The Issue: Efforts continue to implement a domestic-violence policy for all city employees. In January, Mayor Luke Ravenstahl proposed an ordinance, similar to one in the police department, on the heels of domestic-abuse allegations against then-sergeant Eugene Hlavac (who was eventually fired). It calls for domestic-abuse prevention and intervention; establishes procedures for dealing with employees who commit domestic violence; and refers victims to resources. A task force of city administrators, councilors and advocates are still revising the draft to address community concerns.
Downsides of the proposal: The mayor first called for "zero tolerance" of domestic abuse, and for requiring discipline for a city employee accused of, and termination of those convicted of, domestic violence or a qualifying protection order. The zero-tolerance language is no longer in the ordinance, but not everyone thinks that's a downside. Some advocates say the wording would deter victims, or potential perpetrators who want counseling, from making a report. "It's really important [because] people can come forward without risking their job or the job of the person they're dependent on," says Jeanne Clark, president of the Squirrel Hill chapter of the National Organization for Women, and member of the committee. She adds, "I'm looking for a policy that doesn't just deal with discipline, but on reporting and prevention."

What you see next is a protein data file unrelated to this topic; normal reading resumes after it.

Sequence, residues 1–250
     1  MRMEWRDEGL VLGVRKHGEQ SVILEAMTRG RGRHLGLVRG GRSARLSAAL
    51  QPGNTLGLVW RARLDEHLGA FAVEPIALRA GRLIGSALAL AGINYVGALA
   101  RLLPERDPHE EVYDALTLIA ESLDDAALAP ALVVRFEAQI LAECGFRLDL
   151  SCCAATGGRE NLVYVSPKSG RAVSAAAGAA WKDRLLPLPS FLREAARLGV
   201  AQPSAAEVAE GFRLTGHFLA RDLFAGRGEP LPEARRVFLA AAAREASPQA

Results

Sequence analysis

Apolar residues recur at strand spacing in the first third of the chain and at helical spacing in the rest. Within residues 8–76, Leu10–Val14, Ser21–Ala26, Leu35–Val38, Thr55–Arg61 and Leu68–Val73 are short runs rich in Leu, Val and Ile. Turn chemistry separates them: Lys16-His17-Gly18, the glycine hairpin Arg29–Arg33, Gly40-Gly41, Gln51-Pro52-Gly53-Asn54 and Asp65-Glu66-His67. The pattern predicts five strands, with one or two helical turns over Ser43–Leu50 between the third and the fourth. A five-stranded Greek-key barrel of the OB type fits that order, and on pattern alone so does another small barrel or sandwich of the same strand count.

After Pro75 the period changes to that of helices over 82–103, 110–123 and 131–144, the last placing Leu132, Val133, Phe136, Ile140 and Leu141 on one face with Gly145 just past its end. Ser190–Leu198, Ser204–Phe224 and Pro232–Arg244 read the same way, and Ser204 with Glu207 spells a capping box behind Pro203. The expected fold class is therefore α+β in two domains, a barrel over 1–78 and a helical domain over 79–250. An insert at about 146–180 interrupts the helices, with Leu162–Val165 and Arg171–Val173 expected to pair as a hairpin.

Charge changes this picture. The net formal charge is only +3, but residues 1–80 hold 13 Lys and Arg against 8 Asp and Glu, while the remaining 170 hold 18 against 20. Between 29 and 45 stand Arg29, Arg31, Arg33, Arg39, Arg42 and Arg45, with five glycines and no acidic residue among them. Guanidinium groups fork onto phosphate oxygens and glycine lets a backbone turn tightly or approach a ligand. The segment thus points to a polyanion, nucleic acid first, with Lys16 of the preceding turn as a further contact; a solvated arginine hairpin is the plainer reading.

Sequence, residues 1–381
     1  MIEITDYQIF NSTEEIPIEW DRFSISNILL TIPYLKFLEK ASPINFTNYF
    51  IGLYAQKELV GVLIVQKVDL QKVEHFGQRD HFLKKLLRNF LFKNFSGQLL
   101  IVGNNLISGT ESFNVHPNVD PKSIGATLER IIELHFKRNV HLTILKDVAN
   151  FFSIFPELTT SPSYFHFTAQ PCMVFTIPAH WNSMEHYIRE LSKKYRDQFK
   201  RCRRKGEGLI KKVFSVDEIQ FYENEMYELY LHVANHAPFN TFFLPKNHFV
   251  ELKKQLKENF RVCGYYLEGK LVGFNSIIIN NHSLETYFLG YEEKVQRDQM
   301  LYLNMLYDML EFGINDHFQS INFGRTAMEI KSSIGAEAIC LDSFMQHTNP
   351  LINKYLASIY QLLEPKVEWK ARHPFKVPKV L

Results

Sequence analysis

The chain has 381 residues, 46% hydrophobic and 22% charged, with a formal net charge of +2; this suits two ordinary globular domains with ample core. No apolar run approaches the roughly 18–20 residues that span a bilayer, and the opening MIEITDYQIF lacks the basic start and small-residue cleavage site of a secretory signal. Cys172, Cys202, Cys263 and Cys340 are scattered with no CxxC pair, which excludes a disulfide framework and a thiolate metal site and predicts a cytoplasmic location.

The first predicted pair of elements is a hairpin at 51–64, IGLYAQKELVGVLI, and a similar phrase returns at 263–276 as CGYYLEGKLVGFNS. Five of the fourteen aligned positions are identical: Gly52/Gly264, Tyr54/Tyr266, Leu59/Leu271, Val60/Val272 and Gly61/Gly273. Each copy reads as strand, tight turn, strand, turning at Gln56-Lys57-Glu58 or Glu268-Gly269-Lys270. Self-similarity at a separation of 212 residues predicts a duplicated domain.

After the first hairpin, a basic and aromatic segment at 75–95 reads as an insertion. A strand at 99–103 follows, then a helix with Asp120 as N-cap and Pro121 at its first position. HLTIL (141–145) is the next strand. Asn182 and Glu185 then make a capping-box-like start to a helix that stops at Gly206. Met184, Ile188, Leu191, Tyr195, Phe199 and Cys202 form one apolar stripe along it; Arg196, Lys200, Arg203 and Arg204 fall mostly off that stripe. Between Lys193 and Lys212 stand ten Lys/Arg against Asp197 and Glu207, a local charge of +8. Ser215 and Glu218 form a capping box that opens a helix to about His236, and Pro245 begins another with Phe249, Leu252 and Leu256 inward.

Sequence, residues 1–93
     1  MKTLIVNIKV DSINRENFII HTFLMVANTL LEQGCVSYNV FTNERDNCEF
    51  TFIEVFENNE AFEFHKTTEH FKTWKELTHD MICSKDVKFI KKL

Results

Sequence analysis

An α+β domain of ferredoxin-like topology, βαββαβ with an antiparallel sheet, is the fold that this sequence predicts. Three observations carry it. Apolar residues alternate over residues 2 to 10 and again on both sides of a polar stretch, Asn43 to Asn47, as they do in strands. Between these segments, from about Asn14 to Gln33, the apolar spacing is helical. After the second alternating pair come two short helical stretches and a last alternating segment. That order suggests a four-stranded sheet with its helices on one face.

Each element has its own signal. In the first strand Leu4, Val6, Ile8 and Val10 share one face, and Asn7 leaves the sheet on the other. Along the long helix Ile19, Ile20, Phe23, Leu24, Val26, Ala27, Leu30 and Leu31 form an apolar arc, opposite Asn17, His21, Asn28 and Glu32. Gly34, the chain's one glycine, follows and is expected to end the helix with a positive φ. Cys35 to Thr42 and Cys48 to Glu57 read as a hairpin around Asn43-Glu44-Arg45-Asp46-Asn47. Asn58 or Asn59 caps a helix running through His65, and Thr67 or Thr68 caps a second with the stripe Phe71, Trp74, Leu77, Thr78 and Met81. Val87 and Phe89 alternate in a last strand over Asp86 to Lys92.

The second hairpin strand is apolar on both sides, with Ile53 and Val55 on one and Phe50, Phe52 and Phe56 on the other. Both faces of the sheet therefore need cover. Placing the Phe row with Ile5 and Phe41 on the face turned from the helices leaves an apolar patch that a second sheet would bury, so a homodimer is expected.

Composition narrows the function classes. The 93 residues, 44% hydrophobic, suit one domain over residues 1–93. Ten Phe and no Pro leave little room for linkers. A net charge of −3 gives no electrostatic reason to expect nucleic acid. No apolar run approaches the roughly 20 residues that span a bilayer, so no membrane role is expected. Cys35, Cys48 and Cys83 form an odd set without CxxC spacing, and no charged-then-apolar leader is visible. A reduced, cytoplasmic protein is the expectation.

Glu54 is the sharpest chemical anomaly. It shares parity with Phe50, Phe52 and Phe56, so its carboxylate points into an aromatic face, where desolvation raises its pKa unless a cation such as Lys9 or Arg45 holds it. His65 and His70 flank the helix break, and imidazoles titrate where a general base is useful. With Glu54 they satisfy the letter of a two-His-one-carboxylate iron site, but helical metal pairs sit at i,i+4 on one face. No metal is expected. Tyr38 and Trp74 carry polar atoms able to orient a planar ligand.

Upsides of the proposal: The proposal attempts to deal with domestic violence by addressing various areas: training for employees; intervention when there are warning signs; support for victims; and levels of discipline up to termination when there are allegations or convictions. It also creates the Employee Domestic Violence Review Board, designed to review all incidents, and hopes to refer victims, as well as perpetrators, to resources. "What we've tried to do," says Judy Hill Finegan, director of the personnel department, "is to treat people fairly. At the same time, we're paying attention to victims and what their needs are."
How you can sound off: Pittsburgh City Council will hold two public meetings on the subject Mon., April 19, in council chambers on the fifth floor of the City-County Building. A special meeting, with no public comment allowed, will occur at 10 a.m. to discuss the proposal with city representatives, advocates and unions. A public hearing, during which public testimony will be taken, will be held at 2 p.m.